Despite push, India has a lot of ground to cover on shift to electric cars3 min read . Updated: 26 Jun 2019, 01:01 PM IST
- Govt’s push is welcome, but industry-readiness is an important factor
- The transition could become a reality with Prime Minister Narendra Modi government’s massive and sustained push towards a complete switch to electric mobility
Imagine a time when the dependence on fossil fuel to power one’s scooter or car will become non-existent with electricity taking its place and the air that we breathe is much less toxic.
The transition could become a reality with Prime Minister Narendra Modi government’s massive and sustained push towards a complete switch to electric mobility. NITI Aayog, the government’s think-tank, is spearheading this transition to cleaner and zero-emission form of transportation.
Towards this, the think-tank, which is headed by Modi, is preparing a road map that may seek to phase out petrol and diesel vehicles in about a decade.
To begin with, the Centre is pushing for a full transition of three-wheelers, and scooters and motorcycles with engine capacities of less than 150cc to electric by 2023 and 2025, respectively. The larger plan is to examine shifting non-commercial vehicles at an intra-state level and then extend it to inter-state by including commercial vehicles and passenger vehicles.
The move to electric mobility has always been the priority of the Modi government, including in its first tenure, keeping in mind India’s commitment to reduce its carbon footprint by a third from 2005 levels. India aims to achieve this target by 2030.
At the same time, the transition to electric vehicles (EVs) is expected to cut India’s hefty oil import bill.
The government’s focus on cleaning up the toxic air can be seen through its ambitious aim to install 175 GW of renewable energy by 2022. India has a renewable energy capacity of 74.79 GW with solar and wind power making up 25.21 GW and 35.14 GW respectively.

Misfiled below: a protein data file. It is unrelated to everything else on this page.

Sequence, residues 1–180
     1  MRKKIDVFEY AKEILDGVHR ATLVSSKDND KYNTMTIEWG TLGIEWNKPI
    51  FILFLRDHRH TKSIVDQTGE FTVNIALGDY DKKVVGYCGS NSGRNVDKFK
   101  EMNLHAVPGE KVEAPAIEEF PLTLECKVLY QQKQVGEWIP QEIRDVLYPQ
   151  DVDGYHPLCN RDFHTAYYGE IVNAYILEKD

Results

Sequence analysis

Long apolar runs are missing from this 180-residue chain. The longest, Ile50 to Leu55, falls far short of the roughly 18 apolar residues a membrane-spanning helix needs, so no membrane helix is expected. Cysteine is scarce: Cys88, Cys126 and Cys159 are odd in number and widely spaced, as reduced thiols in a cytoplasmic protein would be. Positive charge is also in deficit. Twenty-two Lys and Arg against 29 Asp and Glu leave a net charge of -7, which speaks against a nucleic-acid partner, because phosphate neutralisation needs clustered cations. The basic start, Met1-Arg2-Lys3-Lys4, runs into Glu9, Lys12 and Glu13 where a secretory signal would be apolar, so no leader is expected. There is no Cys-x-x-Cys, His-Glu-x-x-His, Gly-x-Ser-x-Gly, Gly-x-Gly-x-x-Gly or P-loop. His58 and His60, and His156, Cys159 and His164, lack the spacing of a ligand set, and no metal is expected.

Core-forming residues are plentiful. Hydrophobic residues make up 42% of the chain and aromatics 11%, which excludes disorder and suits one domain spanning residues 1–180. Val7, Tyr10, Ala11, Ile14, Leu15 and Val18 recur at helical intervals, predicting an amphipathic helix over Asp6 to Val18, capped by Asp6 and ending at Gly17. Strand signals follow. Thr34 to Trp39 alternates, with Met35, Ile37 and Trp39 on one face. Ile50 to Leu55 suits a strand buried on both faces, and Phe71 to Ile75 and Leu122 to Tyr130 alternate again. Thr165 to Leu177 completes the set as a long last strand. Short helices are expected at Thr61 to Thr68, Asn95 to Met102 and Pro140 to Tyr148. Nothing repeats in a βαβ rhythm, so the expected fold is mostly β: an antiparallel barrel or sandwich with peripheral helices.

The growing automobile fleet in India thanks to mass urbanisation is one of the key factors behind high pollution levels in major cities.
The government has been actively taking steps to create an ecosystem for EVs. These include fiscal and non-fiscal measures to create demand for such vehicles as well as adequate supplies.
For instance, the tax on lithium-ion batteries used by EVs was reduced to 18% last year. Last week, the Goods and Services Tax (GST) Council set up a committee to discuss cutting tax on EVs and battery chargers and leasing of such vehicles. Besides, the road ministry proposed an exemption of registration fees for battery-operated vehicles.
Earlier this year, the government announced an outlay of ₹10,000 crore for three years, towards Faster Adoption and Manufacturing of Hybrid and Electric Vehicles or FAME 2 scheme to expand the commercial EV fleet.
The power ministry is also working on a draft tariff policy that will ensure reasonable electricity charges from power distribution companies, said power secretary Ajay Kumar Bhalla.
“Energy Efficiency Services Ltd (EESL) has already set up charging stations in NDMC (New Delhi Municipal Corporation) area and has plans to set up charging infrastructure in other areas in Delhi and NCR (National Capital Region). We are also in talks with oil marketing companies for setting up charging infrastructure at petrol pumps," he said.
To be sure, creating charging infrastructure for EVs will also depend on how fast auto makers embrace the new technologies. Despite the recent steps, India far lags countries such as China—the world’s largest EV maker—and Norway, France and Germany. India also needs to cut its strong reliance on coal to produce electricity as the benefits of having EVs would be largely nullified if they are charged using thermal power.
“It is because of pressure owing to energy security and rising pollution, electric vehicles have taken greater importance. The government is also incentivizing the sale of electric vehicles to push greater adoption among customers because right now they are not competitively priced as compared to non-electric vehicles," Rakesh Batra, Partner and National Auto leader at E&Y said.
Lithium-ion batteries are currently imported due to lack of local manufacturing .
“Battery is a critical part of electric vehicle and makes up 50% of the total cost of the vehicle today as compared to internal combustion engine vehicle, which makes up 15-17% of the cost of the vehicle," Batra said.
India’s plans for EVs, however, come at a time when the local auto industry is grappling with falling sales.
“The government should provide incentives for CNG vehicles and should also come out with a scrappage plan for vehicles to incentivise customers to buy new vehicles. EVs are a long-term approach. In the short-term, certain things need to be done to revive the market," said R. C. Bhargava, chairman of Maruti Suzuki India Ltd.